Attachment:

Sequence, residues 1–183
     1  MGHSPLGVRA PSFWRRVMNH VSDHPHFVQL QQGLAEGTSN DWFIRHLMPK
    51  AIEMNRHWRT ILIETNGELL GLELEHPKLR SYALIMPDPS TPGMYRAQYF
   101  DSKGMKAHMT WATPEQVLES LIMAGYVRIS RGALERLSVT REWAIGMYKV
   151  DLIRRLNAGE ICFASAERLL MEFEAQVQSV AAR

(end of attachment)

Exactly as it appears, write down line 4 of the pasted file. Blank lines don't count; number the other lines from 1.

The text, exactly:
   101  DSKGMKAHMT WATPEQVLES LIMAGYVRIS RGALERLSVT REWAIGMYKV